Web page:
3 tips for building a virtual school community
In our latest blog, we introduce some practical tips and suggestions for building a robust and healthy virtual school community in 2021.
If there was ever a time when community mattered, it’s now. Last year saw our lives change dramatically with the onset of coronavirus, lock-downs, and school closures. The communities we’re part of took on a renewed sense of importance in 2020 as a way of maintaining well-being, sharing information, and helping others. With remote learning set to continue into 2021, a strong virtual school community will be an essential component of weathering the storm, ensuring that kids remain academically motivated and parents kept up-to-date about their education. This article looks at tips schools can use to establish a robust virtual school community in 2021.
3 tips for building a strong virtual school community
Good communication is key when it comes to building an effective virtual school community. Many schools are making use of video conferencing tools, such as Zoom, to deliver lessons and web-based file-sharing services like Google Classroom to post student work and assignments. Giving parents access to these platforms also means that they can stay informed and involved in their child’s education.
Schools might also choose to communicate and share updates with parents specifically via a group website, Facebook group, email, apps like School Gateway, or even text messaging.
When parents and schools work together, the benefits tend to extend to everyone. Parents who feel included are more likely to be actively engaged in their child’s education, and their child will benefit as a result.
2) Create opportunities for students to interact with each other
In a lock-down situation, students are likely to miss daily contact with their friends. Choose a suitable online platform and provide your students with a regular opportunity to interact. Even if it’s only on a weekly basis, this is still likely to benefit them! For younger kids, you might invite them to a ‘show and tell’ where they choose something from their home and talk about it with their peers. For older kids, you could ask them to create a piece of artwork to discuss with their classmates, for example. The video conferencing tool Zoom includes a ‘breakout rooms’ feature which you can use for students to work together in pairs or small groups. In a time with little social contact, they’re likely to enjoy collaborating with their classmates!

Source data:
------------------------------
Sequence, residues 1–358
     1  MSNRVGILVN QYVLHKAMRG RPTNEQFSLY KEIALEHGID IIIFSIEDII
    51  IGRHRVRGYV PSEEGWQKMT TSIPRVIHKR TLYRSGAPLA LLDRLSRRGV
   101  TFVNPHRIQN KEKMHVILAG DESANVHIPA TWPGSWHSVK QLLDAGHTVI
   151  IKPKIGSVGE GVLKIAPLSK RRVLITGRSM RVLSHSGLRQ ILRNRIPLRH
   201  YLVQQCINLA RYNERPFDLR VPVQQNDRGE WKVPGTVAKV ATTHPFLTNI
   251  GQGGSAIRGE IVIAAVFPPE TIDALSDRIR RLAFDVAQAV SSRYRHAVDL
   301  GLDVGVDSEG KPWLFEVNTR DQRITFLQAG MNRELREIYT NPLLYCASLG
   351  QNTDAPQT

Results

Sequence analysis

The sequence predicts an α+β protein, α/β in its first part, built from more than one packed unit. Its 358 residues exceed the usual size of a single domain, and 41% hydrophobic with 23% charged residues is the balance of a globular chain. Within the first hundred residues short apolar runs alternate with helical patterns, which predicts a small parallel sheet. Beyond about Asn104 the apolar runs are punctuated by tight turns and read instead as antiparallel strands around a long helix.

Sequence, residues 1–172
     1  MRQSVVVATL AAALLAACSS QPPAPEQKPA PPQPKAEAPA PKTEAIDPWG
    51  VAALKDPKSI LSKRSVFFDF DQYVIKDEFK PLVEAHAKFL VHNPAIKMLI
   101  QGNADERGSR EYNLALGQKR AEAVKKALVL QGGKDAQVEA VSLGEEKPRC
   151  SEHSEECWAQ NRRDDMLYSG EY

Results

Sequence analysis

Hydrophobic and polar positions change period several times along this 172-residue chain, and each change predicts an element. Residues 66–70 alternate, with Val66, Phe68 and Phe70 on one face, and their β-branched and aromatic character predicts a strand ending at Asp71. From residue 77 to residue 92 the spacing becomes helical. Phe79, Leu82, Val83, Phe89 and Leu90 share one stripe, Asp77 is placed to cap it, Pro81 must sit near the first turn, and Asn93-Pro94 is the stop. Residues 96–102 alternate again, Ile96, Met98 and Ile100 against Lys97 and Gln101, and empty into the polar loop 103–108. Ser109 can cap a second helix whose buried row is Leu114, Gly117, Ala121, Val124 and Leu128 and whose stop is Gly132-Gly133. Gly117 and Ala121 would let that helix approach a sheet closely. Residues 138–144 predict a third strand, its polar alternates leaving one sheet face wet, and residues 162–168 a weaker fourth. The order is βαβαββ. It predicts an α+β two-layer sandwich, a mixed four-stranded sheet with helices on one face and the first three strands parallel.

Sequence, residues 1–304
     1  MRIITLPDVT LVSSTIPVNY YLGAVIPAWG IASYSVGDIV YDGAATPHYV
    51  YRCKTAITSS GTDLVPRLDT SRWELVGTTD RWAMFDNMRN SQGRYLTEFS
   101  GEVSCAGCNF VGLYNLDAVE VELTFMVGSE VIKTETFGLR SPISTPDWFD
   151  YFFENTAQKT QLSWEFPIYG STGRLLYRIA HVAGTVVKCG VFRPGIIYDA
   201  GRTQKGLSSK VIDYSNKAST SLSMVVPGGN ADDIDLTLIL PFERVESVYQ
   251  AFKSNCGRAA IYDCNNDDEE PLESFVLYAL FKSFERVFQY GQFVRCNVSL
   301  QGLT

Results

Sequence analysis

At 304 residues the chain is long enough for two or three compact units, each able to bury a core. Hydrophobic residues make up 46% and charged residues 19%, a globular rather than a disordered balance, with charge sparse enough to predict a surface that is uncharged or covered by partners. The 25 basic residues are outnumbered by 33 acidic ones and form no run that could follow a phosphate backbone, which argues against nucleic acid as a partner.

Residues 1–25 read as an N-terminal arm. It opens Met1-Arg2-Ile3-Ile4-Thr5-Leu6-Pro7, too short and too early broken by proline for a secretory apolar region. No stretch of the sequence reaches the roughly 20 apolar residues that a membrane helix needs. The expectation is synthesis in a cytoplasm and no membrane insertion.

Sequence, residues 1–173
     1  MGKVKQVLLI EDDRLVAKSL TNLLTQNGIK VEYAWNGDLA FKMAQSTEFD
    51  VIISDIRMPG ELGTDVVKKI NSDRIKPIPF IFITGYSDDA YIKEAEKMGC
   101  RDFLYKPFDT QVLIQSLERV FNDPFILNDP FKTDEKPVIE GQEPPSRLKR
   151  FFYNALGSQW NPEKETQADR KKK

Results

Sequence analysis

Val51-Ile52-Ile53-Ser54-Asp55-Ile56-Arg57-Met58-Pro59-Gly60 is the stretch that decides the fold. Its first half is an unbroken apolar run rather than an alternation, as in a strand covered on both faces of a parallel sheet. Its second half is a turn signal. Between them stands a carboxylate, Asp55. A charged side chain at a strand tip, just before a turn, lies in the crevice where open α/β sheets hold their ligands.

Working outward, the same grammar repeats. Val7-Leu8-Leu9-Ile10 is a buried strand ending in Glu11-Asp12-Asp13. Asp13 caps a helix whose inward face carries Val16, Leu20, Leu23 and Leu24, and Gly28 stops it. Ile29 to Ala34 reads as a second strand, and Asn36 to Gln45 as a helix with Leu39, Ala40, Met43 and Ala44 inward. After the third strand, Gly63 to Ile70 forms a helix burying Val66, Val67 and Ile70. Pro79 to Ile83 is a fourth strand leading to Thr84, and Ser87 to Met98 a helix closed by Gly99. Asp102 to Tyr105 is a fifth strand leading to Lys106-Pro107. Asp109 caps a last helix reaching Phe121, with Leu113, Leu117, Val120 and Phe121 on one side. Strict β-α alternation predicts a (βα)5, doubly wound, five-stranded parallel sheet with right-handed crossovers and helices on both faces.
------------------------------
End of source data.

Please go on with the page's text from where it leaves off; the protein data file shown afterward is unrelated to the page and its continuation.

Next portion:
3) Be mindful of family situations
When creating virtual lessons and activities, be aware that not all students will be able to attend these in real-time. Record video sessions so they can be played back at a convenient time for the student. Provide opportunities for students to upload their work later if they can’t participate in a live session, too. Many families will be juggling work with one or more children at home. Households may also only have a limited number of devices to go around – so make sure you factor this in.
Technology such as iPads and laptops are important tools in remote learning and creating a virtual school community. If your school needs to update its IT equipment to assist teachers or students with remote or in-class learning, we offer a range of options via our flexible leasing arrangements. Our rental agreements include a range of useful benefits including: no upfront costs, set-up and roll-out assistance, parts and labour warranty, and cover for damage or theft.
For more information about upgrading your school’s IT equipment, get in touch with our friendly team!
With coronavirus continuing to cause disruption, many schools have opted to hold a virtual school nativity this year to continue this much-loved tradition.